While it may sound like a disaster, misplaced wedding bands won't completely derail the ceremony. Whether the ring bearer dropped them or the best man left them at home, there are ways rectify this situation. We talked to several wedding pros about what they would do if the rings are missing ahead of the ceremony.
Send out a search party.
Wedding planner Brie Owens of Chancey Charm Weddings says she experienced this situation firsthand when one of her brides lost her engagement ring prior to the ceremony. They searched high and low, but it wasn't until the fourth time they searched the trash can that they finally found it. If you ever find yourself in this situation, Owens says your first step should be to keep the bride calm—make sure she knows that everything is going to work out no matter what.
Look for something borrowed.
Owens also suggests calling a local jewelry store and asking if you can borrow whatever they have that is closest in size and style to the missing rings. "Most places are willing to help any bride in that predicament," she explains. In some cases, a pair of back-up rings may be closer than your nearest jeweler. Ivory Coats, of Peachy Weddings, LLC, says that many planners keep an extra set on hand. "But if you are not as prepared as a professional planner my recommendation is to use someone else's rings," the pro says. Coats suggests borrowing them from a parent, grandparent, or any other married guest with similarly sized hands.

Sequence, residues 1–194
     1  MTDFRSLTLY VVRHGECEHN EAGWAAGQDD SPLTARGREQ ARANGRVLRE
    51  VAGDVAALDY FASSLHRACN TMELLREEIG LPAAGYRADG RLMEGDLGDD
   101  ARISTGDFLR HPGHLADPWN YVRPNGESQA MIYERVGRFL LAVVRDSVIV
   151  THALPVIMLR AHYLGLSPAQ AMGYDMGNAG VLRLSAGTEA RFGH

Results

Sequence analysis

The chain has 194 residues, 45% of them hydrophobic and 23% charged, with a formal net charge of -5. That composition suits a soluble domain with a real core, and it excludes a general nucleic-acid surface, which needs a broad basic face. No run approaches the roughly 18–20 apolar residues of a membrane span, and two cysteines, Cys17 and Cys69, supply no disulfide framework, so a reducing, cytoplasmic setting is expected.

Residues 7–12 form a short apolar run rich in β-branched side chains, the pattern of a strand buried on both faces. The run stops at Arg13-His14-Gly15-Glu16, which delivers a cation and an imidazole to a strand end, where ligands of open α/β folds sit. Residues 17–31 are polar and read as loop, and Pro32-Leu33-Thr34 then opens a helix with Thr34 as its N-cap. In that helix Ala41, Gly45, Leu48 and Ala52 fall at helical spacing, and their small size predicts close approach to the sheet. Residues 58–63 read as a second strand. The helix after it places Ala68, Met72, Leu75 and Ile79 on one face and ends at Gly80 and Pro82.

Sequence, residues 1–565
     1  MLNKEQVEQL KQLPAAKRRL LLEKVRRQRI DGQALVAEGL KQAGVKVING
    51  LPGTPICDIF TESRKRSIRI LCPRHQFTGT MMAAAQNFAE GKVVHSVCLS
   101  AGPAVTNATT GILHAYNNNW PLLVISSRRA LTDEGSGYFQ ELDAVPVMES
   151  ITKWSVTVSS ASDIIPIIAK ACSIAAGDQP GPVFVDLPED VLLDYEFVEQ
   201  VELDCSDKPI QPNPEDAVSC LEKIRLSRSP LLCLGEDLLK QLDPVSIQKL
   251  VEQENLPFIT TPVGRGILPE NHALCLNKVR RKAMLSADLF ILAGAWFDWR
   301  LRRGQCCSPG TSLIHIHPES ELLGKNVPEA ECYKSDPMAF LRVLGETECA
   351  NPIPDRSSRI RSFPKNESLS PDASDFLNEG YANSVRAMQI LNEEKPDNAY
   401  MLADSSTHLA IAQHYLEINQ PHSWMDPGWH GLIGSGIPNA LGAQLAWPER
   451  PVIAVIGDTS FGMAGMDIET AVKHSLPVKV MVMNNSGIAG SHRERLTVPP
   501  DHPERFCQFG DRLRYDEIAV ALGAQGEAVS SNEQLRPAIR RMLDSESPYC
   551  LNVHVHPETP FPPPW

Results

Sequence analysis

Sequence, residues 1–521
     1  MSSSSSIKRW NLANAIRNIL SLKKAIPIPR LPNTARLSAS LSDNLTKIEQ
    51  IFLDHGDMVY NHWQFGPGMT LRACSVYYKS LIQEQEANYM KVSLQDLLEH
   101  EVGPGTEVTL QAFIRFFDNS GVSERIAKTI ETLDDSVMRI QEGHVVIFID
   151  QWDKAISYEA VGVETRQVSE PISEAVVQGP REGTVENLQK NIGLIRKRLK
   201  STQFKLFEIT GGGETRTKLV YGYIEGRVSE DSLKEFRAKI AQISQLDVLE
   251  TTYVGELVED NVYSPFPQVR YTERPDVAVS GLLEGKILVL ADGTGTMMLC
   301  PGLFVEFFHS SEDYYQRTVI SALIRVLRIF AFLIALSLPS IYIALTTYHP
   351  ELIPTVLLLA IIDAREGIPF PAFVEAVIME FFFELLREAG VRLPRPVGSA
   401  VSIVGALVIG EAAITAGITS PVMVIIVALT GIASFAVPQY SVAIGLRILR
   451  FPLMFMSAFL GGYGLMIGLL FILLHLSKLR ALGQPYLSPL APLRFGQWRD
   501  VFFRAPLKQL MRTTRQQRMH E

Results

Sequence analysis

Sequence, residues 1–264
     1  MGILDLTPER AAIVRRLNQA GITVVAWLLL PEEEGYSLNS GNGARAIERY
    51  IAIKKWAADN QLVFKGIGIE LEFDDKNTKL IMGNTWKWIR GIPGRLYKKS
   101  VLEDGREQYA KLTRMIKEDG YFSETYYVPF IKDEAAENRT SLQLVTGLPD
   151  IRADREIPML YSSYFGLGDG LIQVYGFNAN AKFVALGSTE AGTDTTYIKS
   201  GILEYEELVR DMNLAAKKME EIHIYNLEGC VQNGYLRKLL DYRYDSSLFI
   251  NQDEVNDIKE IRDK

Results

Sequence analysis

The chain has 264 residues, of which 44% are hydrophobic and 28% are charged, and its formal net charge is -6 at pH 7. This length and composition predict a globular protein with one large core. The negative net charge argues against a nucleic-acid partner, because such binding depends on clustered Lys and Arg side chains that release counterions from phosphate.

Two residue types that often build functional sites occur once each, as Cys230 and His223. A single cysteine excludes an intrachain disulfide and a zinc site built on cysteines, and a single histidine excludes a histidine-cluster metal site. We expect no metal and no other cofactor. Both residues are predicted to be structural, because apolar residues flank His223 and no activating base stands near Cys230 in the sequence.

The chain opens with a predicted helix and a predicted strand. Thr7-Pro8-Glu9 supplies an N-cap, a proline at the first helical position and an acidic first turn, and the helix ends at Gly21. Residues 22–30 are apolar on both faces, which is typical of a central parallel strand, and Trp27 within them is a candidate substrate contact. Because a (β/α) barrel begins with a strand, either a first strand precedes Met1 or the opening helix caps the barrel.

Decorations can pull double duty.
Your big-day elements might be able to serve as rings. As Justina Michaels of Fitting Fetes points out, many ring bearer pillows have faux rings tied on for decoration. Anything that can be slipped onto your finger during the ceremony will work in a pinch.
Skip the ring exchange all together.
If none of these options work for you, or if getting married with someone else's bands just doesn't feel right, try something a little different. Emily Sullivan of Emily Sullivan Events suggests the Irish tradition of handfasting (where the couple's hands are loosely bound together) instead. Cecilia Reyes of Better Together Mexico also suggests alternatives to the ring exchange, like a knot tying ceremony (wedding planners usually carry a lot of ribbons), a wine glass ceremony, or a red thread ceremony.
Keep your rings in good hands.
Whatever you do, remember to keep them in a safe place to begin with. Wedding planner Hovik Harutyunyan of Harutyunyan Events says that one of the conversations he has with this couples before the wedding is about the safety of the rings, saying, "I have an honest conversation with my couples before the wedding. If they don't feel the best man is the most responsible, I will usually end up holding onto the rings the whole day."